These sesame balls are one of EHK’s mom’s favorites and even though we weren’t ready for dessert she ordered it at the same time anyways just in case they ran out. EHK jokes that never in his experience at dim sum restaurants have they ever ran out. These little sesame encrusted balls have a delicious sweet red bean filling waiting inside.


Bbq pork buns came out next. These have long been a favorite of mine since childhood. I remember the excitement of walking into a bakery in Chinatown San Francisco and my parents ordering a dozen or so of these tasty treats which were larger(dim sum to go in Chinatown is usually on the jumbo size) then taking them home to devour them. The honey toped bread with bbq pork filling is combination that I relish and is so reminicent to me today still.


The meat turnovers or hom sui gok was as yummy as all the dishes that came before it as well. Another one of my favorites. I remember my first experience with it was reading a menu and coming across the name and I didn’t know what it was so my dad ordered it for me and I’ve since ordered it anywhere that serves it. The outer crust was perfectly crunchy while the glutinous inside maintained its stickiness. The filling was quite generous as well which is a plus for me.


The lotus wrapped sticky rice came out next. I get so giddy when this dish comes out. The fragrant smell of the sticky rice covered in lotus leaf is just too much for me. Inside the rice is a tasty portion of chicken, chinese sausage, mushrooms and egg.


The ha gow(shrimp dumpling) was tasty. I usually base my judgement of the dumpling on the wrapper since it is so difficult to make. Make it wrong and it is a tough inflexible..nearly impossible and quite unappetizing to bite through. If made right it should be soft and pliable and a pleasant experience to eat.


Ahh…the chicken feet finally comes out. I find that this is a dish that most older Chinese people always order and relish with delight. My parents enjoy this very much and so do EHK’s parents. I’ve tried this in different occasion and the texture isn’t bad…its just the little bones that get in the way. I think this is a turn off to younger people or non-Chinese due to the idea of it being chicken feet which is understandable.

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China Max Seafood
4698 Convoy Street #C101
San Diego, Ca 92111
858-650-333
11am-11pm
http://www.chinamaxsandiego.com/index.html

Friday, May 19, 2006

Jasmine Seafood: San Diego, CA

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After a long day of school, work and shopping at Costco I was really craving Peking duck for some reason. I suggested it to EHK and his mom and they were up for it too. So we headed to Jasmine. On this particular evening it was quiet… there was only one other table. We were served our hot tea and iced water as usual while we looked over the menu.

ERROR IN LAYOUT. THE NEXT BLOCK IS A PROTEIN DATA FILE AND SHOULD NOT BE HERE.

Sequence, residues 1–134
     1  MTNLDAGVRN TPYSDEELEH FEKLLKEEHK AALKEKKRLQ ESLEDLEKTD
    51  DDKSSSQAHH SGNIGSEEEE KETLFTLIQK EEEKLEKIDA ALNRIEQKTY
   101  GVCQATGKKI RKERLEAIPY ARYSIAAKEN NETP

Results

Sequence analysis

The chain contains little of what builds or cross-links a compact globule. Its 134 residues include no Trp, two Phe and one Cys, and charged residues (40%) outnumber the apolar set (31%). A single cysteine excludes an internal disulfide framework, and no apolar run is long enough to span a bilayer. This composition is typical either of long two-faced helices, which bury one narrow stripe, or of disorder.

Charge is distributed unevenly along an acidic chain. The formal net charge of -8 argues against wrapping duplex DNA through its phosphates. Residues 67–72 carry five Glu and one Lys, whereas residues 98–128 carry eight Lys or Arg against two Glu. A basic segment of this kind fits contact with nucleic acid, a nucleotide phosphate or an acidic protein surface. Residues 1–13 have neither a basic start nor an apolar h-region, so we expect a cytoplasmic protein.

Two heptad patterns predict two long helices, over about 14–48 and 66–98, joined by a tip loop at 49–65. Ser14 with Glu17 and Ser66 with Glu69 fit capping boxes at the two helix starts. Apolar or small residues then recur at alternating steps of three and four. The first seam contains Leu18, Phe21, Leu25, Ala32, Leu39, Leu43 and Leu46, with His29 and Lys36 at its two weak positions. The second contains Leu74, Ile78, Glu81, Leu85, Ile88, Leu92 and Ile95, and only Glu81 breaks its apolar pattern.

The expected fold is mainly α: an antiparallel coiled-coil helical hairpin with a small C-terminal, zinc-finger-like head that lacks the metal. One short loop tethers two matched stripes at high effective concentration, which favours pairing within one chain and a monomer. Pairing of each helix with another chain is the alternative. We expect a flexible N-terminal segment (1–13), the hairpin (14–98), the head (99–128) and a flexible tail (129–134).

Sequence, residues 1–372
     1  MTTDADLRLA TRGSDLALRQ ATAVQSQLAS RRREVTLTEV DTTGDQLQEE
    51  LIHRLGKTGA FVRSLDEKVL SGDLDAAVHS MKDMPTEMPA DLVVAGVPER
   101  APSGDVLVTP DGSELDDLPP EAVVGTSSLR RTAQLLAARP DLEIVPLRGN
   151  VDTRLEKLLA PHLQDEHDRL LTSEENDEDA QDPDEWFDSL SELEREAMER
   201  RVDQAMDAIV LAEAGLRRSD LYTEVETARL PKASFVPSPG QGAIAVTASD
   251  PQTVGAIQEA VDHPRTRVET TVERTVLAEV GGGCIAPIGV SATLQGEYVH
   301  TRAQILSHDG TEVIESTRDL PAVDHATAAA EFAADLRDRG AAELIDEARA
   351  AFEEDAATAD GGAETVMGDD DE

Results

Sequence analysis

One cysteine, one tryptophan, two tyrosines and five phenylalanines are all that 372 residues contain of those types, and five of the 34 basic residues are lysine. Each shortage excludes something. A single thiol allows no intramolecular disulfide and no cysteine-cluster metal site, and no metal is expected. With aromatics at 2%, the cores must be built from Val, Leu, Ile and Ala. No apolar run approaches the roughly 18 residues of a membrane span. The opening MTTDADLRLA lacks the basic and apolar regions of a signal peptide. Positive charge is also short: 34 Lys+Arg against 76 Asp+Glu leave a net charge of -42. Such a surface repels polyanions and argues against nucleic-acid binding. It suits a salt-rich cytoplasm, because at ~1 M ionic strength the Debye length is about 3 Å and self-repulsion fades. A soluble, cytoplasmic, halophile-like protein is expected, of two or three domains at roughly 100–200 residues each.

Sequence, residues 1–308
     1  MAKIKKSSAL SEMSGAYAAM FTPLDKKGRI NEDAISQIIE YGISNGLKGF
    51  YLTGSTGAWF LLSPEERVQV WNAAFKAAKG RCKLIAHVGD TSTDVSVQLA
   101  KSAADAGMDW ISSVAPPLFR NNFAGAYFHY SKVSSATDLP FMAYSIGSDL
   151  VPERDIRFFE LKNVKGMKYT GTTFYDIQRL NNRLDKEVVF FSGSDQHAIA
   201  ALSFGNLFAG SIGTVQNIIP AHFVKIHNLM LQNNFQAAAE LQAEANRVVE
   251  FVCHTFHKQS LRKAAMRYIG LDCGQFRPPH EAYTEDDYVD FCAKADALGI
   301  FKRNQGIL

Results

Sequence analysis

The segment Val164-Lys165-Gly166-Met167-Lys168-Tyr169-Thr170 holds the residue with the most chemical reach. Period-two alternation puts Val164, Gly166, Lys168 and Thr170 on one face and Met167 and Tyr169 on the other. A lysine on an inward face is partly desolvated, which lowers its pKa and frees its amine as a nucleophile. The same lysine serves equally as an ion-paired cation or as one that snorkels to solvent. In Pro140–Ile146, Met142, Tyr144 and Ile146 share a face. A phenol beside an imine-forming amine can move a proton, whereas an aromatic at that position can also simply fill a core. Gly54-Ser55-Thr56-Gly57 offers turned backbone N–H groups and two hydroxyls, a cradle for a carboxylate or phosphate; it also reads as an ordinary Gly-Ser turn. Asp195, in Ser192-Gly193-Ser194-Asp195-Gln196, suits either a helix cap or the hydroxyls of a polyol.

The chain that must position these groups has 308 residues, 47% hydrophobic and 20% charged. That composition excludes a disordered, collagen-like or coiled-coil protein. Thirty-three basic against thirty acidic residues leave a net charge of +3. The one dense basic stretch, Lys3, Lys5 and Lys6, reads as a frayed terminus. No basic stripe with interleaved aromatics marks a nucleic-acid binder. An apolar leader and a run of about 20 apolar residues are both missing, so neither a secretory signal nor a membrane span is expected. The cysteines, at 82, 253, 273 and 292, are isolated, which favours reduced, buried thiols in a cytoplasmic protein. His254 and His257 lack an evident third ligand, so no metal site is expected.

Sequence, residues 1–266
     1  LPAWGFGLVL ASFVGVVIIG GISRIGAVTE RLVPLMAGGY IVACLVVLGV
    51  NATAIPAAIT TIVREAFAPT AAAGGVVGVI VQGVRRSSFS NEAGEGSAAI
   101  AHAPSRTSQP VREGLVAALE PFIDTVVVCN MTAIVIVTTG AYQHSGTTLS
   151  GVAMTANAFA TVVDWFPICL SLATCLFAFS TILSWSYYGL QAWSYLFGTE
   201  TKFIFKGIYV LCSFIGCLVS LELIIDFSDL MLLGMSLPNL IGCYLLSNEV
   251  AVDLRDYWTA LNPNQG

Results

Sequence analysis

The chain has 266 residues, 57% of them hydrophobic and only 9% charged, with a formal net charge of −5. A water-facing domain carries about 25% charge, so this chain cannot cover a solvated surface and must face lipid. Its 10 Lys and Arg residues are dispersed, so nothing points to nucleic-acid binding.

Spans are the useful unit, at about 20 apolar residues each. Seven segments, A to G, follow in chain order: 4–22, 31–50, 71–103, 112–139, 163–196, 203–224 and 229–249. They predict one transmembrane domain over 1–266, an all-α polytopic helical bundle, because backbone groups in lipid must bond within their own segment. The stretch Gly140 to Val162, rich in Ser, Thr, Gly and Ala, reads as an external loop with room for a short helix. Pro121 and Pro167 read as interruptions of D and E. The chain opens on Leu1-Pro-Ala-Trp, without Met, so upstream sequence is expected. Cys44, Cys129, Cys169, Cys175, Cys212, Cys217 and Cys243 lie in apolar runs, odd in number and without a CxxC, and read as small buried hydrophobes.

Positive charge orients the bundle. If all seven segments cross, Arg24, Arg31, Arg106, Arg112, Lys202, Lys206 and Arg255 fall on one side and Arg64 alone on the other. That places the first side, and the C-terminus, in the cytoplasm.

The peking duck was delicious but we were dissapointed that there were only 8 sandwiches(4/plate). Usually they make about 10 or 12.



They then brought the chopped up duck back to us. The theory is that they bring it to the back so they can slice off some meat to use for other dishes such as lettuce wraps.



EHK’s mom can read Chinese so she asked for the “Chinese Menu”. The grouper with garlic and mushroom hotpot is one of those dishes that is only on the Chinese menu and not on the main one. If you can read Chinese or go with some who can than you should ask for this menu in a Chinese restaurant as well since there often times items that you can’t find on the other menu. The grouper was quite tender and despite being covered in a gravy type sauce, the breaded crust was still quite crispy.



Chinese Broccoli steamed and lightly sauted with some garlic is one of EHK’s favorites. I like it with oyster sauce but I was already satisfied with the Peking duck.



Lastly we were served some sliced oranges for dessert which surprisingly was quite sweet. Jasmine is always a hit or miss…at times the service can suck and other times not bad, same thing with the food.

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Jasmine Seafood
4609 Convoy St.
San Diego, Ca 92111
M-F: 10am-10pm
Sa-Su: 9:30am-10pm
http://www.jasmineseafoodrestaurant.com/jsr/html/home.html

Thursday, May 11, 2006

Lets get this show on the road yah

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Hi! So this is my first post. Hopefully this blog will live up to be what I’ve been dreaming about and your expectations. Of course it’ll take some time to build up my tasty food finds adventure so come back frequently to check my updates. As stated in the “About Me” page I’m starting this out of my dissatisfaction with entertainment guide suggestions since it usually seems like they are paid off to say nice things about places when they might not always deserve it. On the other hand, I’ve been encouraged by reading about the food finds of fellow foodies often times uncovering gems that the locals keep hidden away. Anyhow… hope y’all enjoy my adventures!